I should note: you may notice that after eating one or two pancakes or waffles (depending on size), you feel more satiated than you may when eating a straight flour, unfermented pancake or waffle. I generally reach a generous feeling of “stuffed” after three pancakes or waffles. The acorns are super nutritious and hearty, and I find myself wanting or being able to eat less. Plus, the energy from this food feels more sustained and nourishing, especially from the fermentation process.

Acorn Pancakes (or Waffles)

What You Need:

1 1/2 cups wheat (or your favorite grain) flour
1 1/2 cups acorn leached acorn flour
2  cups milk, preferably raw or organic/grass-fed.
2 eggs, separated
3-4 tbsp maple syrup
4-5 tbsp melted butter
pinch of salt

  • The night before your pancake breakfast, mix your  flour and milk together in a bowl. It should have a loose consistency, similar to paint. Cover and set somewhere warm to ferment/soak.
  • The following day, uncover your batter for observation. It should be slightly bubbly and much thicker.
  • Preheat your griddle or waffle iron.
  • Whip the egg whites to a soft peak in a glass bowl with a pinch of salt.
  • Gently incorporate the whipped egg whites into the mixture.
  • One at a time, add the acorn flour, egg yolks, melted butter, maple syrup, and another pinch of salt to the batter. Mix each in carefully and thoroughly (trying not to deflate the whipped eggwhite).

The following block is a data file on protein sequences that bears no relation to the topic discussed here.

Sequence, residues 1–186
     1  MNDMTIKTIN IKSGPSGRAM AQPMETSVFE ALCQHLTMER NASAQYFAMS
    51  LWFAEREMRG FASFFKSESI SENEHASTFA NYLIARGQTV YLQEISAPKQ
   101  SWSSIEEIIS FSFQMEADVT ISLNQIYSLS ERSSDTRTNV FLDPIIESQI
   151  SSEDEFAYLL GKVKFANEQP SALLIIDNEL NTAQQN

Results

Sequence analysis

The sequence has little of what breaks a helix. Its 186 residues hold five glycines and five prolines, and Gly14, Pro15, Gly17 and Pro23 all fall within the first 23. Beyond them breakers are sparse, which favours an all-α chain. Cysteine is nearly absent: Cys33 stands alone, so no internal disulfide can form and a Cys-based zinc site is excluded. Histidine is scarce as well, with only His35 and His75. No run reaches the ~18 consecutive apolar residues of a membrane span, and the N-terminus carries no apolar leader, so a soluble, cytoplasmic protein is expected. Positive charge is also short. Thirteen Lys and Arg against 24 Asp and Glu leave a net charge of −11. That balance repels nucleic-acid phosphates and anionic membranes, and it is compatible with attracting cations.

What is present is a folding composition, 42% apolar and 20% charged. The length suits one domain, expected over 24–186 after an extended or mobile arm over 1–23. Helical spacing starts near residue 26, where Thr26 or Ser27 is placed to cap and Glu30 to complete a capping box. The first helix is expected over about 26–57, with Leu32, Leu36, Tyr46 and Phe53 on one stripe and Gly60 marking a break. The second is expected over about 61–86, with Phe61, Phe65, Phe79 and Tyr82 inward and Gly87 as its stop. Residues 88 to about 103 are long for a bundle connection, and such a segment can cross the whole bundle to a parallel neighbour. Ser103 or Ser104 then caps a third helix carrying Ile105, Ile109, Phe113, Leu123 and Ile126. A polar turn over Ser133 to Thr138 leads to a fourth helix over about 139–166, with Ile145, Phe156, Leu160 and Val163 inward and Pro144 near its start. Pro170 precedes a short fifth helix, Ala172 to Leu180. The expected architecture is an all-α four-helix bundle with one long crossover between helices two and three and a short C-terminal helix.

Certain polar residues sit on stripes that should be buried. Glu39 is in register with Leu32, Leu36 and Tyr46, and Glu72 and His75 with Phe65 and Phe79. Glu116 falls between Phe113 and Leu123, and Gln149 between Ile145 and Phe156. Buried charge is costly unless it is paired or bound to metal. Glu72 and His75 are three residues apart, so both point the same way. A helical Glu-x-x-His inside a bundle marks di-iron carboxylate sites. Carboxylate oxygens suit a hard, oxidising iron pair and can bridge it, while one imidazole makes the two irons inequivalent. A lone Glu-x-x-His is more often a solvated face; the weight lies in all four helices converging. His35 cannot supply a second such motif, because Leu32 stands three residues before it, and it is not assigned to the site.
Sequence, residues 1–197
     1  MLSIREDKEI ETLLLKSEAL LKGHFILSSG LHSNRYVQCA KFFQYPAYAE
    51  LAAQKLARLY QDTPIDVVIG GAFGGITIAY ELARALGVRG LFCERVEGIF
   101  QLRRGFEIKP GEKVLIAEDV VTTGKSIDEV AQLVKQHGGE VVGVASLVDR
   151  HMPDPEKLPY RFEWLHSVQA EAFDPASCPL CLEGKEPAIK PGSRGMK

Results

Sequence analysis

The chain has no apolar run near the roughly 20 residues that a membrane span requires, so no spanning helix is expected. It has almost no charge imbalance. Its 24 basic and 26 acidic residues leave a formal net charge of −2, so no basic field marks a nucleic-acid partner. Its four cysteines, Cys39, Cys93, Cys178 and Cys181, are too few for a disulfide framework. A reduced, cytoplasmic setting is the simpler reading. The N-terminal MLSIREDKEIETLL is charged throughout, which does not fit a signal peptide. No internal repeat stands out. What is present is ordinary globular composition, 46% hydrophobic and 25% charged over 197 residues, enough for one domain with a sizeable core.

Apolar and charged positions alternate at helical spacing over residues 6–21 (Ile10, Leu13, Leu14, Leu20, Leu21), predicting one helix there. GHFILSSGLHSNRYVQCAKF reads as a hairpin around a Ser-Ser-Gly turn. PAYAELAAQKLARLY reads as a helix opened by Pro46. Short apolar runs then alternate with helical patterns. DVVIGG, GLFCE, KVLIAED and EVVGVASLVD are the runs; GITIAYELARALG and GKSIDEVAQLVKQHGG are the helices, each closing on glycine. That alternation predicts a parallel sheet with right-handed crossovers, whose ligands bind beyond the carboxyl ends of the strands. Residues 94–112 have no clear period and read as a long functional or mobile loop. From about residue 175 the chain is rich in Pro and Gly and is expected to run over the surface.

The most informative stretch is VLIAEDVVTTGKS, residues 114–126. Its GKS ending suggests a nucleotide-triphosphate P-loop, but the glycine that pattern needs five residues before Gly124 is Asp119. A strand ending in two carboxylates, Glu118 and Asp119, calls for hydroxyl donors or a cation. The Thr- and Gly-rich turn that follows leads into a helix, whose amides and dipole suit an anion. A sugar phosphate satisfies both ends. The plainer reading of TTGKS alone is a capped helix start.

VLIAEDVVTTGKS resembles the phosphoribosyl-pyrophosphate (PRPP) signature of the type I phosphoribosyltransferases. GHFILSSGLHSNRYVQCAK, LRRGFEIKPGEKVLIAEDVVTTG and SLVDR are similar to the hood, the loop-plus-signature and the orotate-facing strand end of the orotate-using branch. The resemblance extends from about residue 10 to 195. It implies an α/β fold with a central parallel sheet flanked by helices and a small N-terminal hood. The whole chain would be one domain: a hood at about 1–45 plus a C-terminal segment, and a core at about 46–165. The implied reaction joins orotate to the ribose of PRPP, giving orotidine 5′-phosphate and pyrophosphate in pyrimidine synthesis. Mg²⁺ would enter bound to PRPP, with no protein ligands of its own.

• Ladle the mixture onto your griddle or waffle iron and cook them until a crispy, light brown crust forms on the outside. I start with one to get a feel for how long I want to cook them—cooking it until I think its perfect, then breaking it open and trying a few bites.
  • Once cooked, stack the pancakes or waffles on a big plate.
  • Pull out the butter, maple syrup, an favorite sauce or jam. I pile thick knobs of butter, a few healthy spoonfuls of autumnberry or wild blueberry jam, and light drizzle of maple syrup and dig in!

ACorn Bread

 
When I cook with acorns, I prefer ways that accentuate what the acorn has to offer, as opposed to just throwing them into any old dish just because. This ACorn bread not only accentuates the buttery, rich flavor of the acorns, it allows them to act as close to half of your dry ingredient list. I’m also a huge proponent of making grain dishes using traditional fermentation techniques that break down the nutrient inhibitors and enzymes present in the grain, and unlock not only their deeper flavor and nutrition, but offer texture and structure to the final product. This bread should come out moist and dense.

*If you aren’t growing and grinding it yourself, look for true corn flour, not corn meal. It will make a world of difference.

ACorn Bread

What You Need:

1 3/4 cup corn flour—preferably freshly ground.*